I was prepared for the job in that I could communicate effectively with a broad range of people (other support staff, therapists, patients, the board of directors) and through various modes of communication (in person, over the phone, via email). I am an organized person with decent computer skills so I could create and maintain administrative, scheduling, and filing systems. These skills were, in some ways, honed through my college experiences and balancing the coursework and deadlines for multiple classes at once. The content of my courses (general education requirements, anthropology major requirements, and electives), however, were not directly relevant to this job. The clinic was also a training center and there were only a handful of full-time staff. During my time there, I was not offered any training, formal professional development, or even to audit the classes offered through the institute (even though the job description offered that as a perk). However, as I think is somewhat typical of small, understaffed non-profits, there was a lot to be learned from being able to observe various levels of operations and from being asked to participate in a variety of tasks. For example, I was asked to sit in on board meetings to serve as a note taker. Although this was not intended as professional development, it is one of the few ways a 22 year old might learn about the machinations of nonprofit boards, and I likely wouldn’t have had access to that level of exposure at a larger or better-run organization. The Executive Director who hired me left a few months later, and for most of my year at the clinic, there was really no one in charge.
I left for a combination of reasons: I was not making a living wage; I was not learning any new skills or being intellectually/professionally challenged; there was no opportunity for advancement; and I found many of the staff and therapists to be extremely unprofessional in a number of ways. I felt it was important to stay in my first post-college job for a full year so I did that. Right around the time I was about to begin my job search again, I was offered a job interview through a personal, and partly college, connection. (I went to the same college my brother had graduated from five years prior. A friend he knew from college knew I was miserable at the job I had, and she reached out to see if I was interested in applying for an open position in the department she managed.) After an interview and a teaching sample, I was offered that position and remain with that organization today.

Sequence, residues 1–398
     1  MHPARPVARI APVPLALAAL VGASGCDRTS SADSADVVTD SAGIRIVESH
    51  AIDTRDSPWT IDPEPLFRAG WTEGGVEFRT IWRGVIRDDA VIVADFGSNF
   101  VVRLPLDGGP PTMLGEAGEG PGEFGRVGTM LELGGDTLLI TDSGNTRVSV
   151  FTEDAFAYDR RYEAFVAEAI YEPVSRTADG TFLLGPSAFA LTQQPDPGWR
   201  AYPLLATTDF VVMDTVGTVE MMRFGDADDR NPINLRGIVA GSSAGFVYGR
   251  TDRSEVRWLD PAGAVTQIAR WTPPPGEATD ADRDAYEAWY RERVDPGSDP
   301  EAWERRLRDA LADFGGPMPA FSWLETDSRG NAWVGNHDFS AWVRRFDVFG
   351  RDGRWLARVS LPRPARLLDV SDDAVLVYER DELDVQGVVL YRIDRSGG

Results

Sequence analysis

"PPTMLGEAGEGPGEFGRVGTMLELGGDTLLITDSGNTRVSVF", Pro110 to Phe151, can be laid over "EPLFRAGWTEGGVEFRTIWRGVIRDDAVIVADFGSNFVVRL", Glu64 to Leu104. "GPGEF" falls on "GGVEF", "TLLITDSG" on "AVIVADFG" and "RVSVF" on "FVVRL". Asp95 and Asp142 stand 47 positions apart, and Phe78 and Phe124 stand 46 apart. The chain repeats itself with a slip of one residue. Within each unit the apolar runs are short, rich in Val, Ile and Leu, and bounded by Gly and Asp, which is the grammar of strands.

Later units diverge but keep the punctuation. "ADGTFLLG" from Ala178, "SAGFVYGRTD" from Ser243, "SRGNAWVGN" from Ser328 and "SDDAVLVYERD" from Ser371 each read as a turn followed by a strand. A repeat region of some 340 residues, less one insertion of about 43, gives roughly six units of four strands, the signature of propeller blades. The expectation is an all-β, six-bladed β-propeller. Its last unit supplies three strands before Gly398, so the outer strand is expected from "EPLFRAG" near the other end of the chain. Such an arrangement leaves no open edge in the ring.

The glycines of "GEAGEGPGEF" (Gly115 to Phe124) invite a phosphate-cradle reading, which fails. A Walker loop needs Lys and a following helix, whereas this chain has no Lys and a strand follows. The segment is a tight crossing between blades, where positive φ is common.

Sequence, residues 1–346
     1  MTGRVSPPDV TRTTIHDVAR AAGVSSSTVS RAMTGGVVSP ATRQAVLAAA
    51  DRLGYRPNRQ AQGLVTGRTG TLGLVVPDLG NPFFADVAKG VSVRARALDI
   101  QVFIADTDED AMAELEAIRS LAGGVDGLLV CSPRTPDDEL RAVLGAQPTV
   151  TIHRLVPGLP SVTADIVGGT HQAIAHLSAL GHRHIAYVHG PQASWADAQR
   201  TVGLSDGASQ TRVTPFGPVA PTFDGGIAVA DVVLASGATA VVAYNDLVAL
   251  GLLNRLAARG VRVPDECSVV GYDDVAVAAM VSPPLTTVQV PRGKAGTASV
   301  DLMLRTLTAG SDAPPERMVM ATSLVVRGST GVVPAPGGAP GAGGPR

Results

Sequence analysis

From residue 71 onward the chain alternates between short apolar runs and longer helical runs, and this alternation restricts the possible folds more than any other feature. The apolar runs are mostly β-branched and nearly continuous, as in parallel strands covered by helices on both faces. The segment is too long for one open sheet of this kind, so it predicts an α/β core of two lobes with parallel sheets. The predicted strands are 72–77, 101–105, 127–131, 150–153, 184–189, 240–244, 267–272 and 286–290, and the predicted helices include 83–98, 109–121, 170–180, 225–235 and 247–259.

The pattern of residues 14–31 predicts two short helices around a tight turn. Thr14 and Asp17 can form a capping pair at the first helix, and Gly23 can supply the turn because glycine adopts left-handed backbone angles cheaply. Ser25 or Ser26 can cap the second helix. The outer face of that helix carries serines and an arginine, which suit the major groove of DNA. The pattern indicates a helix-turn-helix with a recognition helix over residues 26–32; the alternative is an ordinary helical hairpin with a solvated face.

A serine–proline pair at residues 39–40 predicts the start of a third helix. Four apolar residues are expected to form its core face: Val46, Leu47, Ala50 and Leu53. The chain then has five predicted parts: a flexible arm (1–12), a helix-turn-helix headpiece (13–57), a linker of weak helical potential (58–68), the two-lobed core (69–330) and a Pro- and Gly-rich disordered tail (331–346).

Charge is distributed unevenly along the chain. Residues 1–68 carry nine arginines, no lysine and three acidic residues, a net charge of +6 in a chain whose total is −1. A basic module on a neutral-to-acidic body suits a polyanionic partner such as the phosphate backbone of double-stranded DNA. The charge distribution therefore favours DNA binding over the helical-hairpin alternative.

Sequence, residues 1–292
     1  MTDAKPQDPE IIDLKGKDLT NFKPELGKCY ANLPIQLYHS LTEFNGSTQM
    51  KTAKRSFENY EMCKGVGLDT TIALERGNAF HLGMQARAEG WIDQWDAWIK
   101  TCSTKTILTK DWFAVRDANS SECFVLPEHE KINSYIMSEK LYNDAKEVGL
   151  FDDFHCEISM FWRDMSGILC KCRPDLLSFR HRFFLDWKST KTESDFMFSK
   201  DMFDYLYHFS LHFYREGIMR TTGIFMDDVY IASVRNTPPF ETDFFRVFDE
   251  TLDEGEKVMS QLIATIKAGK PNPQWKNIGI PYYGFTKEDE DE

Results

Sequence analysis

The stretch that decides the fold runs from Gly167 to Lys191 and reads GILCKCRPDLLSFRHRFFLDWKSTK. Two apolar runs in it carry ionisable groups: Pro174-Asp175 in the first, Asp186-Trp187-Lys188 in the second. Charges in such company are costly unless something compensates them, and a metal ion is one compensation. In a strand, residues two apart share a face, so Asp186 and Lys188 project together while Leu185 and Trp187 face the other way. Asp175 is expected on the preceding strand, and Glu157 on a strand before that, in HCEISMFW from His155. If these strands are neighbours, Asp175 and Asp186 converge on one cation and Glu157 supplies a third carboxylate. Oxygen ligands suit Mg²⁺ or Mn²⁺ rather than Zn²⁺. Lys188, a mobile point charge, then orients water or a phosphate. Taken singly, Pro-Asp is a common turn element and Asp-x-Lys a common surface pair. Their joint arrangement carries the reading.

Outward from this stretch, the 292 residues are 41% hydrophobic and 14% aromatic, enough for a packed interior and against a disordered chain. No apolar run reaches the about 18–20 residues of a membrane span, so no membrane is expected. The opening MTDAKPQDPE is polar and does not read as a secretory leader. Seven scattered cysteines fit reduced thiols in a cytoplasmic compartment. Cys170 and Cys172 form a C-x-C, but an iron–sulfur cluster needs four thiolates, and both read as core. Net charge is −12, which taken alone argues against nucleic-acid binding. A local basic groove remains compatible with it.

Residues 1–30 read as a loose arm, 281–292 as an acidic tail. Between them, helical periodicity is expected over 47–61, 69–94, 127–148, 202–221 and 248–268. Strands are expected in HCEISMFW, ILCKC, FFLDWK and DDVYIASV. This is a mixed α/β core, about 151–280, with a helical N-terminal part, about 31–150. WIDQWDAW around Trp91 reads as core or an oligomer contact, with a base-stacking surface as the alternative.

I was surprised when I first heard that American education was free in the history for a long time, because we all know that the education is not free today; we can even say it is expansive, especially likes the tuition in some colleges. Because of Ronald Reagan’s decision in the 1960s, education became something that not for everyone. From Bady and Konczal’s article, we know that higher education much more necessary than what we expected, but the true is, not every one can afford it, and the worst thing we see today is some students paid expensive tuition but the educations they got not worth it. I think Queens College is doing well in education, according to Queens College Mission, they “provides affordable access to higher education and embraces its special obligation to serve the larger community”. This movement is so meaningful for those students who were from the some families that not that rich.